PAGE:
Why Mariano Rivera could still be a unanimous Hall of Fame selection even though one writer won’t vote for him

CBS Sports

The 2019 National Baseball Hall of Fame class will be announced Jan. 22 and this year's BBWAA ballot includes only one slam dunk, no doubt about it surefire Hall of Famer: longtime Yankees closer Mariano Rivera. Rivera is the greatest reliever in baseball history and, as of this writing, he's received 100 percent of the vote on 87 known ballots according to Ryan Thibodaux's tracker.

Rivera will not receive a vote from every Hall of Fame voter, however. Bill Ballou of the Telegram & Gazette explained he will not vote for Rivera because saves are overrated. Ballou starts his piece by saying "Mariano Rivera is the greatest closer in baseball history," then adds:

Rivera was 82-60 with a 2.21 ERA and 652 saves, all but 10 of his 1,115 games a reliever. For most of those games, though, he was presented with "clean innings," tools designed to make it as easy as possible for the closer. He didn't have to face batters a third, or even a second, time around. He rarely came in with men on base. He didn't have to conserve energy and pitches to stay in the game for as long as possible to allow the closer to get a save.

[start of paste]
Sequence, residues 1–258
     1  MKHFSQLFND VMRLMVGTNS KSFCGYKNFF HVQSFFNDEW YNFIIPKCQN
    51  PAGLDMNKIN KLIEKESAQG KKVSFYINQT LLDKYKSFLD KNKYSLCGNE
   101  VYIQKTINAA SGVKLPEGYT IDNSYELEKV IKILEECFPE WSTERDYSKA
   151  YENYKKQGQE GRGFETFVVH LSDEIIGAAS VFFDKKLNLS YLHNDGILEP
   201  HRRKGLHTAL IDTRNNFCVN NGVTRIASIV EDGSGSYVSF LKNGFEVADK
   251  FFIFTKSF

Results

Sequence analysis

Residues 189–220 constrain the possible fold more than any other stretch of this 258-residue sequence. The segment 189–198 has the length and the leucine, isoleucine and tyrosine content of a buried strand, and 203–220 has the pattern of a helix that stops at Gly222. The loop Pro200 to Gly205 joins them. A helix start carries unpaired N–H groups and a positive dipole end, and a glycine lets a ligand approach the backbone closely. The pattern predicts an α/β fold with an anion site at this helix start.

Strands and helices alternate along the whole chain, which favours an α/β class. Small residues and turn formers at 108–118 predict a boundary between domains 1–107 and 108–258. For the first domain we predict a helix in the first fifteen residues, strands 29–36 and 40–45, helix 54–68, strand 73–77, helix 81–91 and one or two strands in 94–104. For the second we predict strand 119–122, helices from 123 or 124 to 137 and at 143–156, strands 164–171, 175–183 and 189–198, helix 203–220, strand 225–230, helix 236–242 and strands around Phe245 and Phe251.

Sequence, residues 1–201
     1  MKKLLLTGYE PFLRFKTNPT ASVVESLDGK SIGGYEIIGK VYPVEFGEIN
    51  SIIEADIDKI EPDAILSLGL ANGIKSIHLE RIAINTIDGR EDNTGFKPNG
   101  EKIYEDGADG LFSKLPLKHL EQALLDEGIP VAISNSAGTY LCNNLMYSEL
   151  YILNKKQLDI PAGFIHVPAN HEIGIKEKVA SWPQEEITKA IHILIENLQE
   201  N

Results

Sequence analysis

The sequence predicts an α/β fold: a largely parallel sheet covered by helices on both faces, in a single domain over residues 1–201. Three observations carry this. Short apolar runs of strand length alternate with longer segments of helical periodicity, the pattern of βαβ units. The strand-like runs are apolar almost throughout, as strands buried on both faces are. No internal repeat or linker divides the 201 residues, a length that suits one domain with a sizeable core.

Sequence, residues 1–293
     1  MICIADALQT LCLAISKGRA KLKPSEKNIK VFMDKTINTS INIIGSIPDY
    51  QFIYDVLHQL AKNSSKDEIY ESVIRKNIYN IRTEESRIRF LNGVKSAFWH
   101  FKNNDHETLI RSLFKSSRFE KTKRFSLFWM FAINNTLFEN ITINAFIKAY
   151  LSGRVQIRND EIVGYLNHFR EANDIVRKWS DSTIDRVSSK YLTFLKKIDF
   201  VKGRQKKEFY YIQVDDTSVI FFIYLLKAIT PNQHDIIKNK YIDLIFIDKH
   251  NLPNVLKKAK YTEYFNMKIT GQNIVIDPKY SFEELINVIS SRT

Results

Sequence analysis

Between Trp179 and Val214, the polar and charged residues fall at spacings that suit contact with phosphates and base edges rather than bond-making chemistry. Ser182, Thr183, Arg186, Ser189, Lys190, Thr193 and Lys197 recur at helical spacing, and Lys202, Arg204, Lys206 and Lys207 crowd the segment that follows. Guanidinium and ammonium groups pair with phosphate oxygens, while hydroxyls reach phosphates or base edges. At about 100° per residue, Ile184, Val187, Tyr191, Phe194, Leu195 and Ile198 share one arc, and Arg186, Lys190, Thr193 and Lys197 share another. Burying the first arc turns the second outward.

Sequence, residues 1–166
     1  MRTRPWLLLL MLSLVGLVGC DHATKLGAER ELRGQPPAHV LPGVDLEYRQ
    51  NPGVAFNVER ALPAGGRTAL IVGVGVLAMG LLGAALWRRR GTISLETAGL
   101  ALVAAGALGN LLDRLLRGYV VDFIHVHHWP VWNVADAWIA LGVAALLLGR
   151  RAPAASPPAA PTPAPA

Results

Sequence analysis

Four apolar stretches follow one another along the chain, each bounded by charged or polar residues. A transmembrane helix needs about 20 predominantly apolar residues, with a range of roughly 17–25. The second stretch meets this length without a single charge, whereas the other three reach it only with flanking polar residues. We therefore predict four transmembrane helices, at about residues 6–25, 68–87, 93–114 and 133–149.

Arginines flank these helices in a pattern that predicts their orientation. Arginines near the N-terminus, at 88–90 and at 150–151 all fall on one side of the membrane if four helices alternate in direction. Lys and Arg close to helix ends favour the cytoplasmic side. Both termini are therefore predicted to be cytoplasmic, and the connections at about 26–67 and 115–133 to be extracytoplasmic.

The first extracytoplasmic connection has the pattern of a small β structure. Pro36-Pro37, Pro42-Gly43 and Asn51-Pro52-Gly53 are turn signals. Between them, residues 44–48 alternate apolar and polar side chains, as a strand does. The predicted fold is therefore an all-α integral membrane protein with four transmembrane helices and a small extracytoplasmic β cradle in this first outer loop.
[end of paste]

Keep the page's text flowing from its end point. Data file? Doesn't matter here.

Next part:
He was great in the ninth inning, agreed, but if he was that great why not bring him with the bases loaded and nobody out in the seventh or eighth? Why not use him as a starter?

Saves are indeed overrated — why is protecting a three-run lead in the ninth considered equal to protecting a one-run lead in the ninth? — but Rivera's greatness transcends his MLB record 652 saves. His career 205 ERA+ — that is a ballpark adjusted metric in which 100 is league average — is far and away the best among pitchers with 1,000 big league innings. Clayton Kershaw is a distant second with a 159 ERA+.

#baseball, #professional

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